Physicians' Academy for Cardiovascular Education

Short sleep duration aggravates mortality risk metabolic syndrome

Impact of the Metabolic Syndrome on Mortality is Modified by Objective Short Sleep Duration

Literature - Fernandez-Mendoza J, He F, LaGrotte C, et al. - J Am Heart Assoc 2017;6:e005479.


The metabolic syndrome (MetS) is associated with high healthcare costs, increased risk of all-cause mortality and sleep disordered breathing (SDB), while its association with sleep duration is less clear [1-3]. Objective short sleep duration may play a role as an effect modifier in increasing cardio-metabolic morbidity and mortality through various mechanisms, including increased cortisol, catecholaminergic activity and impaired heart rate variability [4-6]. However, studies examining this in relation to MetS have reported modest and inconsistent effects [7,8]. The subjectivity of measures of sleep is an important limitation in these studies.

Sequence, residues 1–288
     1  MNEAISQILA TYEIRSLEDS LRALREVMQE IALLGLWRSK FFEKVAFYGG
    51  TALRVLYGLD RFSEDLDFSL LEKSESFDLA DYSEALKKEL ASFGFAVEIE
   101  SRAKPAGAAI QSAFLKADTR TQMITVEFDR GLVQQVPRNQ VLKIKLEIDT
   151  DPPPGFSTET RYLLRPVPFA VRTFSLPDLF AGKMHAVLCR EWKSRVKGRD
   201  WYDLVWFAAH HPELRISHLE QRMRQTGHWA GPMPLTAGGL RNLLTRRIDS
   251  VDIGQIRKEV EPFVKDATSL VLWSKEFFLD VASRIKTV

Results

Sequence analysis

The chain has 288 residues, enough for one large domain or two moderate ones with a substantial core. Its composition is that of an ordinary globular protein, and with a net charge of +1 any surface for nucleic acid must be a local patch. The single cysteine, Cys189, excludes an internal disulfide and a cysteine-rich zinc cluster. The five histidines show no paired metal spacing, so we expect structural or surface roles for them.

In this study, the effect modification of objective sleep duration on the increased risk of all-cause and cardiovascular/cerebrovascular (CVD/CBV) mortality associated with MetS was evaluated in a random, general population sample (Penn State Adult Cohort, final n=1344, follow-up 16.6 yrs). Five cardio-metabolic components were evaluated: obesity, hypercholesterolemia, hypertriglyceridemia, glucose dysregulation and high blood pressure. For this study, a first phase was conducted by telephone interviews and in the second phase, individuals were randomly selected and studied in a sleep laboratory.

Main results


The risk of mortality associated with MetS was found to be significantly higher in individuals with objective short sleep duration. The risk was highest in those with high blood pressure and elevated fasting glucose. These findings suggest that lengthening of sleep may improve the prognosis of individuals with MetS.


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